The new headphone variant – open-ear earbuds – proves their worth.
Just when you thought there was nothing left to innovate in the headphone space, a new offshoot blooms like wildflowers. Sure, we’ve got open and closed-back headphones. Wired and wireless. In-ear monitors and earbuds. We’ve even got bone-conduction headphones for listening without using your eardrums.
Oladance is here to introduce you to the new idea of open-ear earbuds. Think of a hybrid of TWS IEMs and bone-conduction headphones.
An open-ear earbud clips around the ear and suspends a speaker in front of the ear canal, allowing the wearer to also clearly hear external sounds. A Bluetooth connection makes these things portable, and a water-resistant rating and secure attachment make them a great alternative for music listening while active.
Life’s all about compromise. You aren’t going to wear your huge, 1.5-pound, open-backed planar headphones to go for a run. Nor are you going to expect high-fidelity audio from bone-conduction headphones. Each has an intended purpose and a place.
Open-ear earbuds are envisioned to minimize the compromises of the other headphone types. They are more comfortable than traditional earbuds resting on the ear canal’s outer section. They are more natural sounding than bone-conduction. Their portable nature makes them attractive for cyclists, runners, and grocery-getters who want to maintain situational awareness.
While not the only option in the market for open-ear earbuds (JBL, Sony, Bose, and Clear Audio all have their take), the ‘Oladance Wearable Stereo’ (OWS) are serious contenders boasting features like a 16-hour battery life, comfortable multi-point support system, and large 16.5mm drivers intended to give a listening experience akin to a home stereo.
In the immortal words of Tom Petty, “I like to be an optimist, but I like to be a realist, too.” The concept of open-ear earbuds seems promising, but new ideas don’t always fly into the great wide open. Can Oladance deliver something new and beneficial, or will open-ear earbuds be a free-falling failure?
Oladance declares itself “THE worldwide leader in the open wearable audio industry.” The company was formed by ANC technicians with more than a decade of experience in the audio industry, and Oladance first proposed the concept of open wearable stereo (OWS).
Oladance is interested in context-aware wearables that interact naturally with the user in real life. Its goal is to promote integrated wearable devices and cloud applications, focusing on invisibility to the end-user and lack of wearing fatigue.
- Form: Open-back, earbuds
- Drivers: 16.5mm dynamic driver
- Bluetooth Audio Codec: SBC
- Battery Life (hrs): 16 hours, 160mAh capacity
- Charging Time: 1.5-2 hours
- True Wireless: Y
- Bluetooth Version: 5.2
- Mic: Y
- IPX: IPX4 – Protects from splashing water
- Weight (g): 12.7g (single ear)
- Colors: Interstellar Blue, Space Silver, Martian Orange, Cloud White
The OWS come in a small white box with a product photo on the front and specifications on the rear of the cardboard sleeve. Slide it open, and you are greeted with the storage case in an injected plastic mold.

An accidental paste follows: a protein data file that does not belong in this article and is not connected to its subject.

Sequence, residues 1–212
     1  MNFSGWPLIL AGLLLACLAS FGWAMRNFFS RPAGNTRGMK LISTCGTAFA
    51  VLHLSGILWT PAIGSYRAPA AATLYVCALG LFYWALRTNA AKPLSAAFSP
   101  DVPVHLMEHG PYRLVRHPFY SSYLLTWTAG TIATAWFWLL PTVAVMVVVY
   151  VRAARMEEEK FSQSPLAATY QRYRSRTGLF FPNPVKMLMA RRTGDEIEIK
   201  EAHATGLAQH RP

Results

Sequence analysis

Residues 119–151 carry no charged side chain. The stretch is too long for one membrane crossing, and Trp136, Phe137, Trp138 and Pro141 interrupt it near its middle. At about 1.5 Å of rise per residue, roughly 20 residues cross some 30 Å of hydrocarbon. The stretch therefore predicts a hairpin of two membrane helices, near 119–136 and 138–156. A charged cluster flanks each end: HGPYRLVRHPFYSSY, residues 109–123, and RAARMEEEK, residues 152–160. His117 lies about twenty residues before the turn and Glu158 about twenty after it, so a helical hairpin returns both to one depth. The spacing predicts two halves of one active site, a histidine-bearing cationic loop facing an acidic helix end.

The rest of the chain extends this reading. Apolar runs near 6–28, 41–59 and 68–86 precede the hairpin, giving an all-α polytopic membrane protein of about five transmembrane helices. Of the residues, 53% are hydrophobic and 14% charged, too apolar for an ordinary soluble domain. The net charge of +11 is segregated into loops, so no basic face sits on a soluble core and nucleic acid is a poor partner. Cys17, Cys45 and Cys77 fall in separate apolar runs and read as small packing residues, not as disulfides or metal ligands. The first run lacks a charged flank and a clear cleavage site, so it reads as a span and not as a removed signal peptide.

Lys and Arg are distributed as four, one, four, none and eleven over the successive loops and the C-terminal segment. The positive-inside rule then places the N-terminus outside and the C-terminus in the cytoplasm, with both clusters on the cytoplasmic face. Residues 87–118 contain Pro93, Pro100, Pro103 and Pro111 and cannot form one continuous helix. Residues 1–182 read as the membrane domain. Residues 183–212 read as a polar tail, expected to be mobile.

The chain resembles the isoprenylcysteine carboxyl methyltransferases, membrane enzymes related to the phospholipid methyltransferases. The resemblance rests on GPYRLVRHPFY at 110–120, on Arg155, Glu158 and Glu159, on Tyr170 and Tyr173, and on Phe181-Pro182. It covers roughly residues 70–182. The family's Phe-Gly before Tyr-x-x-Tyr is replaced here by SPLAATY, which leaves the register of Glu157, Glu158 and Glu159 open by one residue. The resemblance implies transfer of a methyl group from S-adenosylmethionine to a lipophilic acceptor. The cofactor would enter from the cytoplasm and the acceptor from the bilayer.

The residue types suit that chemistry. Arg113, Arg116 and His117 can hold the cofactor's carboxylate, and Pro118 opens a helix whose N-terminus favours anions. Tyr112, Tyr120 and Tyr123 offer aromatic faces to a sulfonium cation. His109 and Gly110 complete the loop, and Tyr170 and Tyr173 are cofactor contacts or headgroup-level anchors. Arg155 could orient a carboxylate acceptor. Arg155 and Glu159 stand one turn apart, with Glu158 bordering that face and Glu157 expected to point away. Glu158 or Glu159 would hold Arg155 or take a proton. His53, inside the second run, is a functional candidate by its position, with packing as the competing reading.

In the box
- Oladance Wearable Stereo open-ear earbuds
- USB-a to USB-c charging cable
- Silicone sleeves
- Charging case
- User manual
The most unusual thing about the accessories included with the OWS is the case. Like TWS IEMS, the OWS individual ear pieces must be returned to the case for charging. But, unlike most TWS, this case does not include an internal battery and must be plugged in to charge.
The OWS are clearly something different when viewed on the ear – although they do have a certain unfortunate resemblance to the first generation of Bluetooth headsets from the early 2000s.
Leaning into the different looks, I decided to go with the “Martian Orange” color variant. You may prefer the more discrete Cloud White or Interstellar Blue options or the jewelry-inspired Space Silver. The cases are colored to match the earpieces, a classy touch.
Each earpiece is comprised of two roughly equal-sized rounded modules connected by a curved, flexible silicone section that slides around the back of the ear. The inner and skin-touching bits are all silicone, while the outer sides of the modules are shiny plastic.
The outer module has all the vents for the internal speaker and charging ports, while the other (that sits behind the ear) is entirely smooth – I assume it contains the battery.
Additionally, each outer module has a flat surface for the touch controls. Single tap for play/pause, double tap to skip/back, triple tap for the voice assistant, and slide for volume control.
The app allows for customizing the touch controls.
A LED on the outer module flashes to indicate low battery status (below 5%). There is a discrete audible chime (that I find easy to miss) that sounds when an earpiece is at 20%, 10%, and 5%. The battery level is displayed in the app.
At an impressive 16 hours of rated battery life, it’s easy to get complacent and assume they are always charged – especially if you mistakenly expect the unplugged case will have charged them, like with most TWS IEMs.
It always seems to come as an unfortunate surprise to me when one goes silent and requires plugging the case in to charge.
The unique 5-point support fit system works extraordinarily well to ensure you forget you have the OWS on your head.
At 12.7g, they feel like they float on your ear and never seem to get uncomfortable. No hot spots, no unpleasant ear pressure, and no drawbacks – except if you try to lie down and a pillow presses the modules against your ear. I suggest vertical use only.
The OWS work decently with a ballcap or even with sunglasses with a bit of finagling, but if you are trying for the new reality combo of a hat, glasses, and mask, you may find things get tangled up.